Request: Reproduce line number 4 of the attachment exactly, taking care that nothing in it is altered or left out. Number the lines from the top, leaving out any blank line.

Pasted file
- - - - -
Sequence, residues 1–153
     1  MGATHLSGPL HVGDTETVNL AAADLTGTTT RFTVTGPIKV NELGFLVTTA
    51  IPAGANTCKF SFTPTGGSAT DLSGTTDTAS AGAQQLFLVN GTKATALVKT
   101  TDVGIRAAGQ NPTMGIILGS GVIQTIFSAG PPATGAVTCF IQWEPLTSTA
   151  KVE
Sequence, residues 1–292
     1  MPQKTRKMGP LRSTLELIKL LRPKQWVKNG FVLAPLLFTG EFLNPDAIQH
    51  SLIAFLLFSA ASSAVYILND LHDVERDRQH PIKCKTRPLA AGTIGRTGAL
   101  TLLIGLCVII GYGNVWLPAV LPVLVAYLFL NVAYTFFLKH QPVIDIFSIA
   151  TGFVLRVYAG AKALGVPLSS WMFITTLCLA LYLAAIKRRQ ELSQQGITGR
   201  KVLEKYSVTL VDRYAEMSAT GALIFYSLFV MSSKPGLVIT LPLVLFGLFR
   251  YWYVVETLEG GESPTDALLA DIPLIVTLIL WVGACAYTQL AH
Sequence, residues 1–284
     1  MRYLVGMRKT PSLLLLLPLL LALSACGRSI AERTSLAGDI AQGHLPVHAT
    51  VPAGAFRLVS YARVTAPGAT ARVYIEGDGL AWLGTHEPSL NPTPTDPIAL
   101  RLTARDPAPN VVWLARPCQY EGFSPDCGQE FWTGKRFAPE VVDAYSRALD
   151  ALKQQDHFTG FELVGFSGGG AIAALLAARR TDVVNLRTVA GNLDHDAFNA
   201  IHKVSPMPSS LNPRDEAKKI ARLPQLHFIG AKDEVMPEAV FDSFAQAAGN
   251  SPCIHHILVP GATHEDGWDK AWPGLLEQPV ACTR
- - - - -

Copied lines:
   101  TDVGIRAAGQ NPTMGIILGS GVIQTIFSAG PPATGAVTCF IQWEPLTSTA